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27 Beekman Street,

interet awrlind to act or Congress 10.1372,7y the urtice ithe librarian or corujress at Hashington,


IOGRAPHY,” says Archbishop Whately, “is allowed on all hands to be

one of the most attractive and profitable kinds of reading.” The reason of this is obvious. It has, when properly treated, the ease and variety of the most agreeable forms of literature, and its subject-matter most nearly concerns the reader. In its very nature it is bound to a certain interest of progress and development, such as we look for in the Drama. Reaching back frequently into the story of an ancient lineage, the infant human life is introduced with a species of historic interest in the concerns and opportunities of the family. The formative years of childhood succeed, with the influences of education which, if they do not create the character, go far to shape its manifestation to the world. How infinitely varied are these forms of development, how peculiar the action of the individual mind! Then comes the great struggle for success as the years roll on, till the man, with noble endeavor, obtains the mastery, and whether in art, science, literature or public affairs, places himself on a pinnacle where he will be surveyed through all coming time. The end which crowns the work of the personal career is yet to be reached; and as we have watched the rising of the hero with hope and anxiety, we look upon his departure with sympathy and admiration. To observe and chronicle the achievements and vicissitudes of every year of busy life is the province of the biographer, and there are no resources of literature which may not on occasion be serviceable to the work. Hence, books of biography are more and more, in the hands of consummate masters of the art, claiming the highest rank in our libraries. They are no longer scant and meagre records of a few personal details, but, in the case of men of eminence, require for their perfection a vast deal of the resources of history and philosophy. In the hands of Macaulay and Carlyle, biography, in its most attractive exhibition, is made to do the work of history, and nobly it accomplishes the design. Nor is this simply a daring achievement of men of genius. The greater part of the knowledge which we have of history, it may safely be said, is at this day conveyed through the lives of distinguished personages.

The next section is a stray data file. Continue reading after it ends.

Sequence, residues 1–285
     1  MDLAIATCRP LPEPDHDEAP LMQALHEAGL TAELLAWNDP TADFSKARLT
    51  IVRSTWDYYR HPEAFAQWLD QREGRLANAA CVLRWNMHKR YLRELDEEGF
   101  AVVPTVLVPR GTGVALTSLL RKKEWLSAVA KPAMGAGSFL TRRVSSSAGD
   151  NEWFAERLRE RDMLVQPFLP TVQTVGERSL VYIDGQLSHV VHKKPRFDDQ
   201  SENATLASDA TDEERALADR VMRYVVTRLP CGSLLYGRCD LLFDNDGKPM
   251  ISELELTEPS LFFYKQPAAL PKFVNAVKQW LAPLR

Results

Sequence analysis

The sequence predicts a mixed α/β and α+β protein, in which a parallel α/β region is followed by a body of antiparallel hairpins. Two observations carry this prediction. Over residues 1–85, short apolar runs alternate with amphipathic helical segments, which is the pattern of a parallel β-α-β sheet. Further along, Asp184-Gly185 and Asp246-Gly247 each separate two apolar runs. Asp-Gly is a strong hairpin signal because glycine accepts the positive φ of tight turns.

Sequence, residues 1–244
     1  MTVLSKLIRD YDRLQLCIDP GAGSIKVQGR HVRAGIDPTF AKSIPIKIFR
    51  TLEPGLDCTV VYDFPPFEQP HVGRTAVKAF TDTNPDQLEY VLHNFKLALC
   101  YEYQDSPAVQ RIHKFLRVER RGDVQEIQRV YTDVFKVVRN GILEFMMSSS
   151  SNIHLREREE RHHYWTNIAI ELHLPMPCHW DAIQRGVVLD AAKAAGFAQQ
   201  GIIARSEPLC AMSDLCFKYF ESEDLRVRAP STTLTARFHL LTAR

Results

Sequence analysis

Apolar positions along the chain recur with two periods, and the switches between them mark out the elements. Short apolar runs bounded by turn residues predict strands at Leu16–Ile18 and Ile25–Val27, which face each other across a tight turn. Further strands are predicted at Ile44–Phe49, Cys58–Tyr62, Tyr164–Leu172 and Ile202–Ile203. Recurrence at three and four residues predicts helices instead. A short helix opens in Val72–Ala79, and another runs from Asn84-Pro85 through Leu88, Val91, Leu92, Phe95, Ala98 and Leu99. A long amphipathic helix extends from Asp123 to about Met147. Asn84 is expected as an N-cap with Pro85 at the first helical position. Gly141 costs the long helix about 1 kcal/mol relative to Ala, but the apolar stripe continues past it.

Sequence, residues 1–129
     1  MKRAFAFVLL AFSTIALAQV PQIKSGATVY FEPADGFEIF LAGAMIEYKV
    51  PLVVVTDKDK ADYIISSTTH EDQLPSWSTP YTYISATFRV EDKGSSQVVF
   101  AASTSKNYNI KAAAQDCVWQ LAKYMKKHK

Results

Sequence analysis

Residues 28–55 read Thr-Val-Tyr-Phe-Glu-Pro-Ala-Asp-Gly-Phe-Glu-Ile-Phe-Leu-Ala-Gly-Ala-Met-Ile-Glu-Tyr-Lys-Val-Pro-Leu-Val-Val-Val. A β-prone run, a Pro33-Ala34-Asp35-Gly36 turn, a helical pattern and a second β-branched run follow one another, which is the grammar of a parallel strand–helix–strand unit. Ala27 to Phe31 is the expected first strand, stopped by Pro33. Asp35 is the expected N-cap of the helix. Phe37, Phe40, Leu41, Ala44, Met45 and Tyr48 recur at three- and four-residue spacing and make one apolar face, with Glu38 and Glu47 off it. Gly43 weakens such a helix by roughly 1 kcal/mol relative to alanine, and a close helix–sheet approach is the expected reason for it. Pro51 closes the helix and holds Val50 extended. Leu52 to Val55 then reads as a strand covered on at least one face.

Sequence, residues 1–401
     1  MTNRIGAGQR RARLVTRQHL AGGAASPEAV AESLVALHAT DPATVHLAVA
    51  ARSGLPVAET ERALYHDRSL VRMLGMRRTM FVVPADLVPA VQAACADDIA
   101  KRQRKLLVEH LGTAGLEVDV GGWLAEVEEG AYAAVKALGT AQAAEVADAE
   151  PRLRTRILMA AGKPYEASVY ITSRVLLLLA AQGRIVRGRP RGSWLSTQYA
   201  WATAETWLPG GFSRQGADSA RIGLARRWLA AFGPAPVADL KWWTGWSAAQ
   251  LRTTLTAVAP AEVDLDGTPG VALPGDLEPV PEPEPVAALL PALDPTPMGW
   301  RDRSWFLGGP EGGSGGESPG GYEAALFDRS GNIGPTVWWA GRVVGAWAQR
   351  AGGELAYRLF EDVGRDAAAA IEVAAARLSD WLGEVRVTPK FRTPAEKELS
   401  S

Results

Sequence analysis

Looking at the work before us—the exhibition of the LIVES OF EMINENT MEN AND WOMEN OF EUROPE AND AMERICA, from the period of the Revolution to the present day—we find, when we have made up the list, a singularly general representaton of the nationalities of the present century as well as of

age and

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